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“M” is for Manigault, Judith Giton (ca. 1665-1711)

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“M” is for Manigault, Judith Giton (ca. 1665-1711). Immigrant, matriarch. Manigault was born Judith Giton in La Voulte, Languedoc, France, a stronghold of southern French Protestantism. In 1685 with the revocation of the Edict of Nantes by Louis XIV, many Huguenots (including Judith, her two brothers, and mother) were forced to flee France through Holland to England. From London they boarded a ship for the colony of Carolina. Her mother died enroute and she and her brother forced into several years of indentured servitude. Most of what we know comes from a letter Manigault wrote in 1688 to her brother in Europe and details the harshness of life in early South Carolina. In 1698 she married fellow Huguenot Pierre Manigault. Judith Giton Manigault died in 1711, leaving behind a son, Gabriel, and a daughter, Judith.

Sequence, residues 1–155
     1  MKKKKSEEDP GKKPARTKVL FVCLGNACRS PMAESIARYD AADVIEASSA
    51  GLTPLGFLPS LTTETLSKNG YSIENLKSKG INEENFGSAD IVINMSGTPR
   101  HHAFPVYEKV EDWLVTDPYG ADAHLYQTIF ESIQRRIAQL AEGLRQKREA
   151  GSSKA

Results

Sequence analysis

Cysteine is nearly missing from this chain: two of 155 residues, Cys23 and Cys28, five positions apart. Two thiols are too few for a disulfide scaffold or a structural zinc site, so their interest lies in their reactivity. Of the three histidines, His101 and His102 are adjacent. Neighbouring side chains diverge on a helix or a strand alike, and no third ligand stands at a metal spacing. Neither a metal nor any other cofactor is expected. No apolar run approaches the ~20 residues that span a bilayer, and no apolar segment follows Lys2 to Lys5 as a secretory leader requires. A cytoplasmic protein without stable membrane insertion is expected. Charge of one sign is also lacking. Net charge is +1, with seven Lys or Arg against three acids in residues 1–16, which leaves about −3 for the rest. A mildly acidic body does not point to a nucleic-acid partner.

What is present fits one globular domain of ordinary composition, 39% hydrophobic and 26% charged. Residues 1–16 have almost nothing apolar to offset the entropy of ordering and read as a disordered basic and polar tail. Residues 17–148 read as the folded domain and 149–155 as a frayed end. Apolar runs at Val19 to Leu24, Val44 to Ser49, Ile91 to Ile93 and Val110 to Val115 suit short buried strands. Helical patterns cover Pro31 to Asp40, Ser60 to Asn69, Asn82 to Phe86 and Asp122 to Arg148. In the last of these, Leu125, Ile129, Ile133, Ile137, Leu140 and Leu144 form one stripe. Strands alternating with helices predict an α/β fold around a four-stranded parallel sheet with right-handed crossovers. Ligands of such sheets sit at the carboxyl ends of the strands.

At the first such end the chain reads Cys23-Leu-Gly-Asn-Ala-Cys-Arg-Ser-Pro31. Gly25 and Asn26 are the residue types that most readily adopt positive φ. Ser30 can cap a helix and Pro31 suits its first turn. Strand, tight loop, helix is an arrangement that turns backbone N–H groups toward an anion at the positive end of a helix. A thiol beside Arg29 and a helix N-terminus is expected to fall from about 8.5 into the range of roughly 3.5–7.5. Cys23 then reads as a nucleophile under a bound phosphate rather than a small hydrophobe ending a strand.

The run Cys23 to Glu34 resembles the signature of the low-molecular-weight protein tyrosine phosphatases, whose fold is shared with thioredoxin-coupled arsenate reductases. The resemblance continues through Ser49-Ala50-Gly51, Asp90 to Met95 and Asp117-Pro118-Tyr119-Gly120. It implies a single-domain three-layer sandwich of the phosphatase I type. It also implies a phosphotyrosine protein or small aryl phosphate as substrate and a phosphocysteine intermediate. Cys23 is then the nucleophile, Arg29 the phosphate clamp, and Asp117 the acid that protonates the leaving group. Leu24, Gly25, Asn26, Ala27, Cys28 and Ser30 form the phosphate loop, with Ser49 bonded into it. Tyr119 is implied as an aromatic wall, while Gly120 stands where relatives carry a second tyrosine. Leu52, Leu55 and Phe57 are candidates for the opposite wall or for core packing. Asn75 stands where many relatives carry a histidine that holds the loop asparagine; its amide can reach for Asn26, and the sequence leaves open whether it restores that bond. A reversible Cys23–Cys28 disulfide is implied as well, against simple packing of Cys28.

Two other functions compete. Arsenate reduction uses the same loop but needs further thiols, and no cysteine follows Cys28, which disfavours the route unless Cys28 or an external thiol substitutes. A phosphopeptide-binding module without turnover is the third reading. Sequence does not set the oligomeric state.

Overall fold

Dr. Walter Edgar has two programs on South Carolina Public Radio: Walter Edgar's Journal, and South Carolina from A to Z. Dr. Edgar received his B.A. degree from Davidson College in 1965 and his Ph.D. from the University of South Carolina in 1969. After two years in the army (including a tour of duty in Vietnam), he returned to USC as a post-doctoral fellow of the National Archives, assigned to the Papers of Henry Laurens.